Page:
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The End of Majority Home-ownership: The logic of continuing decline in a post-crash economy

People, Place and Policy, 7 (1), 14-29
Published: 12/06/2013
Article type: Research article
DOI: 10.3351/ppp.0007.0001.0002
Published under a Creative Commons license


Prior to the Credit Crunch some economists denied the existence of a housing market bubble because the fundamentals supporting inflation were right. Their analysis relied upon assumptions about households as purchasers as the main drivers of the market (transaction volumes and value). The financial crisis and its fallout have shown us that the beliefs and behaviours of other tightly knit groups such as lenders and developers, or more loosely affiliated groups such as landlords, are also crucial to the operation of markets. Weber would have referred to these as “social carriers” in his multi-causal explanations of society. This paper argues that household driven models of “fundamentals” no longer explain the housing market, if they ever did. The current rise of the private landlord and the decade long decline of home-ownership is the beginning of the return of minority ownership of the UK housing stock, a long term change resulting from changed interests and perceptions among the “social carriers” affecting UK housing markets. This has huge implications for almost all aspects of social, welfare and (probably) economic policy.

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    The roots of the current financial crisis (2007/8 onwards) have been subject to extensive discussion and analysis. Harvey (2005), Dumenil and Levy (2011), Engelen et al (2011), Castells et al (2012), consider it an outcome of neo-liberalism while Shiller (2008), Turner (2008), Turner (2012), among many others have a more technical focus on the operations of the finance industry. The consequences have lingered longer than many initially anticipated1 and the crisis has slowly snowballed from problems of solvency in the banking and other financial industries to a crisis affecting nations, currencies, and at the moment even the viability of the European project.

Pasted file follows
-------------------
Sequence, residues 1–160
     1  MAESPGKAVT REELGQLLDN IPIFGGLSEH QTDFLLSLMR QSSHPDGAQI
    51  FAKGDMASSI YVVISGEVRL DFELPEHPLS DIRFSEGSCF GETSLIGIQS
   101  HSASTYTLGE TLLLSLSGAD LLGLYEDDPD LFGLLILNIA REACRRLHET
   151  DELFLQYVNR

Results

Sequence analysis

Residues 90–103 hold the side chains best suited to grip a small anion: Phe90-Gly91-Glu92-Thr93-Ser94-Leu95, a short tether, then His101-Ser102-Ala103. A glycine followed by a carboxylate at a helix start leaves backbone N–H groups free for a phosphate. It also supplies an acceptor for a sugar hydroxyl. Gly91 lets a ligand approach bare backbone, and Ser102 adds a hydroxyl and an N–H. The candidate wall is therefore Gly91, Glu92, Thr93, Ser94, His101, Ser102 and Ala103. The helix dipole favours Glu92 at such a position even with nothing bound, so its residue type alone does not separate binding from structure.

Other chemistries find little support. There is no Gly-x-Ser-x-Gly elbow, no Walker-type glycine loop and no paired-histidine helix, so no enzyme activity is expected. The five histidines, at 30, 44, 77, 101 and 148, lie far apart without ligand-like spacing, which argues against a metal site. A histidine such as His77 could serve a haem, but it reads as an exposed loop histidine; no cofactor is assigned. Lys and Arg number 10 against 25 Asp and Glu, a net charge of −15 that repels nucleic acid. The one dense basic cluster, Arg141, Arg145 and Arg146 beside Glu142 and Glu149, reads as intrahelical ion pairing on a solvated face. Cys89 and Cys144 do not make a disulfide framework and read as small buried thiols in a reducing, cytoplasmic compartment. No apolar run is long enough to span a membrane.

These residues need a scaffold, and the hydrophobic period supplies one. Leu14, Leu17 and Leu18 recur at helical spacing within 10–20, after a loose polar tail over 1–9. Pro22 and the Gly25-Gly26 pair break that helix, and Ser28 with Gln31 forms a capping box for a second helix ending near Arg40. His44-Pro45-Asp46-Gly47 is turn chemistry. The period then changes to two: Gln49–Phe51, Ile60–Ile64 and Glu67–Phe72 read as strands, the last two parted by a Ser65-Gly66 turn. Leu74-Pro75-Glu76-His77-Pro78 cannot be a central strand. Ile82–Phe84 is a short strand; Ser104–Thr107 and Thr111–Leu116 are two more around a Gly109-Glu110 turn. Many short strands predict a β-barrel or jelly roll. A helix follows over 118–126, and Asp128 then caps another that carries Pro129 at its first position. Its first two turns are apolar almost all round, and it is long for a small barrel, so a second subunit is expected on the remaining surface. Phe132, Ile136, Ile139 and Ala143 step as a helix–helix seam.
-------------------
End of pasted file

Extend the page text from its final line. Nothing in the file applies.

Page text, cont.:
Given the enormity of this crisis, it may seem rather trivial to highlight the gradual decline of home-ownership in the UK, but tenure change will affect economic and welfare policy for decades, and has a momentum derived from current configurations of circumstances that will make it hard to slow or reverse. There is logic to continued home-ownership decline that has yet to be fully explored. Changes to welfare states driven by neo-liberalism (Hemerijk, 2013) have accelerated rather than reversed as the finance industries draw increasing proportions of international wealth to themselves (Dumenil and Levy, 2011). After this crisis there may be no democratically sustainable solution to housing and welfare problems that looks like past policies including expanded home-ownership which was crucial to the vision of a “property owning democracy”.

    Weber (1904-05, 1968) sought understanding of complex social change and identified that economy, technology, or other single factors were unlikely to be the true cause of social change. There is no “’ultimate’ point in the chain of causes” (Kalberg, 2005: 45) because any single factor always links to other factors. His multi-causal effects draw on a range of concepts including that of “social carriers”. A recurring theme in his work, Weber explains social carriers in the following way: